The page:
When House Majority Leader Eric Cantor walked out of the debt-ceiling negotiations last week in a hissy fit, he once more dramatized the simple truth that cannot speak its name. This Republican Party is addled by an extremist ideology and cankered by a vengeful partisanship. In a time of national crisis, it is locked into ideological litmus tests — no new taxes — and opposed to anything the “Kenyan, socialist” president might propose.
This makes the routine difficult and the necessary impossible. Republicans threaten to blow up the world economy by refusing to lift the debt limit without getting drastic cuts in the deficit. Puffed up with locker-room bravado, they set a high bar — more than $2 trillion in deficit reduction over 10 years, a dollar or more for every dollar hike of the debt limit.
Katrina vanden Heuvel
Editor and publisher of the Nation magazine, vanden Heuvel writes a weekly column for The Post.
But Cantor detonates the talks because, in fact, Republicans won’t negotiate on how to reach their goal. They will accept no new taxes, no closing of tax loopholes, no crackdown on overseas tax havens. The richest 400 Americans enjoy a lower tax rate than their cleaning women, but their taxes cannot be raised. The biggest corporations, such as General Electric, pay little or no taxes on billions in profits, yet their loopholes cannot be closed.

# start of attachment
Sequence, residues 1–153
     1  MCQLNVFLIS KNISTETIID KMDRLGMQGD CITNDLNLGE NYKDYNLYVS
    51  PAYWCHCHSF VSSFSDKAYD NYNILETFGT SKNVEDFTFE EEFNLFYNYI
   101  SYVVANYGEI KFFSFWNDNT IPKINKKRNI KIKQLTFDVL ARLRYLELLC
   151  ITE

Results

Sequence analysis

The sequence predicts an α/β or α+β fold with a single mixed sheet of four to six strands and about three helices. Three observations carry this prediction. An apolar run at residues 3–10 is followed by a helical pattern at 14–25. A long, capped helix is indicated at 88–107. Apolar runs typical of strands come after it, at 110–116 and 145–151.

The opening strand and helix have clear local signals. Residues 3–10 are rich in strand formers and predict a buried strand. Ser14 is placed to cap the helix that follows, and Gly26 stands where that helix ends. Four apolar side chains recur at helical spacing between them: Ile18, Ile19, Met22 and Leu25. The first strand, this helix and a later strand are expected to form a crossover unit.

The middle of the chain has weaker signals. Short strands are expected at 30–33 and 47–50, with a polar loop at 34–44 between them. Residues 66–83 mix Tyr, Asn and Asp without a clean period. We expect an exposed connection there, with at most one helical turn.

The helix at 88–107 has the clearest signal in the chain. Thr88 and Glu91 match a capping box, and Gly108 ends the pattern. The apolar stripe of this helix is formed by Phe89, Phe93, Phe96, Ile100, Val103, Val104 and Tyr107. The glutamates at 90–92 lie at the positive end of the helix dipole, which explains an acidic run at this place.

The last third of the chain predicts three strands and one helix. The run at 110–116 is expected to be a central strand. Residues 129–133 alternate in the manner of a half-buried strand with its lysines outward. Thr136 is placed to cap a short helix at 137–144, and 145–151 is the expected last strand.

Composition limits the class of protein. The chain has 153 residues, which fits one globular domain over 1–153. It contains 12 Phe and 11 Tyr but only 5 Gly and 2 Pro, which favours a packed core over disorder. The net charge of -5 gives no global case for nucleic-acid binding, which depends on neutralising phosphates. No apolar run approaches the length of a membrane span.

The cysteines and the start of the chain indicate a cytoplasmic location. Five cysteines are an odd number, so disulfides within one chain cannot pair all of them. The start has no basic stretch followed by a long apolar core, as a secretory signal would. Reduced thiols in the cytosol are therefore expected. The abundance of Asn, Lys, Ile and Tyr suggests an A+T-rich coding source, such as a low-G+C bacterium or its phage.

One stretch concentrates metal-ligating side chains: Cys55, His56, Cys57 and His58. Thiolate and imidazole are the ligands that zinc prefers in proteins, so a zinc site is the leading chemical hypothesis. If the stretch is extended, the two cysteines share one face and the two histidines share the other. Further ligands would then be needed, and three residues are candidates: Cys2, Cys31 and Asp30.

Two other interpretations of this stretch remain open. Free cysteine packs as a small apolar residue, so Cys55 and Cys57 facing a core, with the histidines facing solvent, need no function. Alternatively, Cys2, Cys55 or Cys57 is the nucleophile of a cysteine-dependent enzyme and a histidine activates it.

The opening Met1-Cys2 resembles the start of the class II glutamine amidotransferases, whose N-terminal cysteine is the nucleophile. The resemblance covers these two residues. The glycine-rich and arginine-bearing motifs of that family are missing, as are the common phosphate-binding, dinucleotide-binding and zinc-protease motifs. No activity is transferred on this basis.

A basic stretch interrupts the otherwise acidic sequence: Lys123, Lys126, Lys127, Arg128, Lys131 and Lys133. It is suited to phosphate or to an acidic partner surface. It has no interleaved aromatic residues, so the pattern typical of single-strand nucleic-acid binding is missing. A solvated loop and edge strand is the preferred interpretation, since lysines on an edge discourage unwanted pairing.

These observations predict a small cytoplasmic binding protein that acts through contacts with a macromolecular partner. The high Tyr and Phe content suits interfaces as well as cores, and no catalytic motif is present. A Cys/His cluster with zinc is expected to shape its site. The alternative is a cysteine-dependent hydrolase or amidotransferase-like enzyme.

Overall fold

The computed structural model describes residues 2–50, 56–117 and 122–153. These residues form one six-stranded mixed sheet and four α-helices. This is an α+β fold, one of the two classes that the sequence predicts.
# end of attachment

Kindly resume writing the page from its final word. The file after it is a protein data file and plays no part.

So the entire $2 trillion must come from spending cuts. But Republicans also won’t agree to mandated cuts in defense spending, despite the fact that the defense budget has soared since Sept. 11, two unfunded wars contributed trillions to the debt, and the Pentagon is one of the nation’s leading sources of waste, fraud and abuse. Some Tea Party members suggest that defense spending is on the table, but the negotiators oppose any separate cap for defense spending, leaving the issue in the hands of the very appropriators who have regularly insisted on spending more than the Pentagon asks for.
Republicans are so strait-jacketed by their “pledge” never to raise any taxes that any Republican suggesting the closing of subsidies to big oil or ethanol makers? is considered a profile in courage. And now, the conservative arch-druid Sen. Jim DeMint adds a new litmus test for any presidential candidate: He or she must not only embrace the no-tax pledge but promise to pass a constitutional amendment to balance the budget. This inanity, left over from Newt Gingrich’s 1994 “Contract With America,” will now be a feature of Republican presidential debates.
Not that the Republican field, now in full-body pander to its base, will have trouble saluting. It seems in a rush to the ridiculous. Former Minnesota governor Tim Pawlenty, reputed to be one of the “adults” in the field, put out an economic plan that features a repeal of all taxes on corporations, additional deep cuts in tax rates for the rich and a “Google test” for dismantling government (that is, if any good or service can be found on the Internet, the government should let the private sector provide it). He asserted that 5 percent growth would result, eventually bringing the budget into balance, so he happily signed up for the DeMint pledge.